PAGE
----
“This all weighed less than commercial and geostrategic interests with Morocco. Because a shift of these characteristics cannot be ideologically, politically and formally understood without some very strong external pressures” Urban said.

Tensions between Morocco, the EU and Spain

S&D’s rejection of Khaya’s candidacy has raised concerns over possible pressure from Morocco to bar the Sahrawi activist from a spot in the final.

“They claim the decision was made for tactical reasons, but I don’t believe that to be the case. The reasons were political, they wanted to prevent a Sahrawi activist from being elected so as not to upset Morocco,” says Ignacio Cembrero, the Spanish journalist and former Maghreb correspondent who first broke the story.

Relations between Morocco and the EU have been strained in recent months. In September, Morocco saw its trade deal with the EU annulled due to its apparent dependency on Western Sahara resources, included in the agreement without their consent.

'The Spanish attitude is to try to avoid trouble and to stay away from any kind of accusations or retaliation'

- Jalel Harchaoui, analyst

Picula’s email was sent on behalf of the group’s vice-president Pedro Marques, though questions have risen over the possible involvement of the Spanish government in the group’s decision, as the S&D is led by the Spaniard Iratxe Garcia, a member of the Spanish Socialist Party.

Spain’s relationship with Morocco has also become increasingly tense of late. In June, Spain angered Morocco by allowing the leader of the Sahrawi Polisario Front to enter the country in order to receive Covid treatment. In response, Morocco allowed over 8,000 migrants to enter Spain’s North African enclave of Ceuta.

An ongoing diplomatic row ensued which resulted in the sacking of Spain’s then-minister of foreign affairs over her mismanagement of the crisis.

Both Cembrero and Urban believe S&D’s decision to back Anez would have to have been green-lit by Spain’s ministry of foreign affairs.

“The decision by the socialist bloc, led by Garcia, to support Anez was most likely taken after consulting the Spanish ministry of foreign affairs, which is striving to normalise the relationship with Morocco,” Cembrero wrote.

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Marques has denied that diplomatic issues with Morocco influenced S&Ds decision, telling EUObserver that “the strategic vote only means that if the left wing votes are not divided in the final round, there is a good chance the Afghan women win the Sakharov Prize.”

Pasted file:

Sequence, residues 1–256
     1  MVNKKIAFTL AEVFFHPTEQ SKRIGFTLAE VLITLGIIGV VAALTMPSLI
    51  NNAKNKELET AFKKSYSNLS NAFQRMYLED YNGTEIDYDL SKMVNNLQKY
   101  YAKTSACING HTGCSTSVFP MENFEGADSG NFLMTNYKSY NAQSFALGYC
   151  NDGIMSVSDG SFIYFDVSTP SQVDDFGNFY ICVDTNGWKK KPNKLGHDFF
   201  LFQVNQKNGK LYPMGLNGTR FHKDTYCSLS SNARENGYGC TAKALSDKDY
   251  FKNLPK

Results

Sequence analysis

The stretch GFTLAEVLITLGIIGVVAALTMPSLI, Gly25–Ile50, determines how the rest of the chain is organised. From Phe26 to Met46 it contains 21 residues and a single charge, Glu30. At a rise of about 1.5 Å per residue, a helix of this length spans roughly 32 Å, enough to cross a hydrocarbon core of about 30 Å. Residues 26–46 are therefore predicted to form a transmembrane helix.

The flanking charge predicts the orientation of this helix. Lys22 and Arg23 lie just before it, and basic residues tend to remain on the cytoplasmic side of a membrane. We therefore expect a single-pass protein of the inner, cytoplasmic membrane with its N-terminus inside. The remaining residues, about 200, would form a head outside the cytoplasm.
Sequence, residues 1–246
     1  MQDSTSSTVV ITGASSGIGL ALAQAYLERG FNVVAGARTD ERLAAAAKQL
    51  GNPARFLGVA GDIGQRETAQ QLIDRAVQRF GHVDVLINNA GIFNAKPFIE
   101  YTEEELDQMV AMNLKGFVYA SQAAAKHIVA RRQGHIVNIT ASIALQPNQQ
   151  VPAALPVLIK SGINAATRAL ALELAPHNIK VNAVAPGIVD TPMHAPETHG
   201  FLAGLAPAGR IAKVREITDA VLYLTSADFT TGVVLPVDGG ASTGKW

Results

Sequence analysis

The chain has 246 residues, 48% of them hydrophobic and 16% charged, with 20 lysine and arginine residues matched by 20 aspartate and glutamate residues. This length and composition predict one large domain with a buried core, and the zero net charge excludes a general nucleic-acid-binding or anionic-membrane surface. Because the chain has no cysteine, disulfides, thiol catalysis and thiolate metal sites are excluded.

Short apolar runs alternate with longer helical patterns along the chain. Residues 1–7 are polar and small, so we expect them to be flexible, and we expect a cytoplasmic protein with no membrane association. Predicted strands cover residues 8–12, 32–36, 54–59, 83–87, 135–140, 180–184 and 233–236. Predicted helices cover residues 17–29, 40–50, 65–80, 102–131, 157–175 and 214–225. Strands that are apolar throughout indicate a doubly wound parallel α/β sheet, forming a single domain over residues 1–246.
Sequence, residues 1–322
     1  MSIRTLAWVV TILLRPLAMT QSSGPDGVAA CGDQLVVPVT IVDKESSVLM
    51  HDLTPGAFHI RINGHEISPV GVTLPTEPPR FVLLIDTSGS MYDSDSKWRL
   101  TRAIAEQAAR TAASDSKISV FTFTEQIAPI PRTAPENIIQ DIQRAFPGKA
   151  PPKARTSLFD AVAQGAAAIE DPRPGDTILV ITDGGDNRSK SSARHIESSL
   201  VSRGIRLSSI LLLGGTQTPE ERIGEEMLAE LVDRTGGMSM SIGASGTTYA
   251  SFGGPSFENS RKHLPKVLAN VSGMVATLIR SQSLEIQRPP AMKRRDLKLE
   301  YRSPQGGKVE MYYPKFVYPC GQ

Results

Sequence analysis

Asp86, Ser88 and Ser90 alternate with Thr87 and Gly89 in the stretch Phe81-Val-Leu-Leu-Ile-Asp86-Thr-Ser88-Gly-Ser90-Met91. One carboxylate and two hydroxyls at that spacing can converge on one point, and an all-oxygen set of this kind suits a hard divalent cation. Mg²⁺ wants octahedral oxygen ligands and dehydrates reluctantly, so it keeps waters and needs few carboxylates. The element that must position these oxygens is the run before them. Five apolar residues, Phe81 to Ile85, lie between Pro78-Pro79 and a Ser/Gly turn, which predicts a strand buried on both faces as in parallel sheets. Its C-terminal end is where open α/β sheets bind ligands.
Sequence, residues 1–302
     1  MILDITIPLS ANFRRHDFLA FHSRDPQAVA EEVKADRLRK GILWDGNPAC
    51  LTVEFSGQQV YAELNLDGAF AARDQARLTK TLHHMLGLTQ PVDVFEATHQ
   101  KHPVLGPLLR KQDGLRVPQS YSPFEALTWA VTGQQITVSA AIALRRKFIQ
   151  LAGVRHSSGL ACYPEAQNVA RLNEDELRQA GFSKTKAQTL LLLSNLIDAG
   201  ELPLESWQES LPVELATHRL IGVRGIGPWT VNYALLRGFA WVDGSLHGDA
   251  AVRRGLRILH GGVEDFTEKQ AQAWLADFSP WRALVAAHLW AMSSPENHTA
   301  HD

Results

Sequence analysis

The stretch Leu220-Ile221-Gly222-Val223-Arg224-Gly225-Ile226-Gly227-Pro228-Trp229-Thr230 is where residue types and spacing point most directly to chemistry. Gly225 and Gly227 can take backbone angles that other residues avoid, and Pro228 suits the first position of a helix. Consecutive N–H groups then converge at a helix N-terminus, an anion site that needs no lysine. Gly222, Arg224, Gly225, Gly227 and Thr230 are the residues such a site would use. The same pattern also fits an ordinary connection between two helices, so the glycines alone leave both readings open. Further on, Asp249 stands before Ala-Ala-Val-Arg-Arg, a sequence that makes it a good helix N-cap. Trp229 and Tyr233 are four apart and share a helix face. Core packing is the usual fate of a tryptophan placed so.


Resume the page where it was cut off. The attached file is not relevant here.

Picula was not available for comment when approached by Middle East Eye. An S&D spokesperson for Garcia told Middle East Eye that the group’s president was “not aware or involved” in the decision to back Anez.

Nonetheless, the socialist bloc’s reasoning has stirred some doubts among analysts and MEPs.

“It’s not really possible that the group’s president wouldn’t know that her vice-president was giving members an instruction on their vote. It’s an excuse given for the press,” Urban said.

Allegations of appeasement

Cembrero believes this case is a reflection of a larger Spanish effort to appease Morocco.

“It’s not a peculiar move, it forms part of a wider narrative from the Spanish authorities of refusing to do anything that might annoy Morocco, not even allowing Khaya to be nominated when she realistically wouldn’t have gone on to win,” he said.

The Spanish administration is aware that it must tread carefully in order to mend relations with Morocco, and is also wary of any potential repercussions on the renegotiation of the EU-Morocco trade deal.

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“Spain is looking at what happened in Ceuta and they don't want to repeat it, so the fear factor is quite large from Madrid's perspective. The Spanish attitude is to try to avoid trouble and to stay away from any kind of accusations or retaliation,” said Jalel Harchaoui, a senior fellow and political analyst at Global Initiative, who also believes the drama surrounding the prize is more to do with Spain.

“Spain doesn’t want to be held responsible for anything that could shed a positive light on Polisario resistance within the EU because Morocco will just attribute whatever happens regarding potential appeals about the trade deal to them,” he told MEE.

“If Khaya had won, it would have been on them and they don’t want Morocco to go after them because it’s just not worth it. It's not the most courageous route but it captures the current mood.”

This article is available in French on Middle East Eye French edition.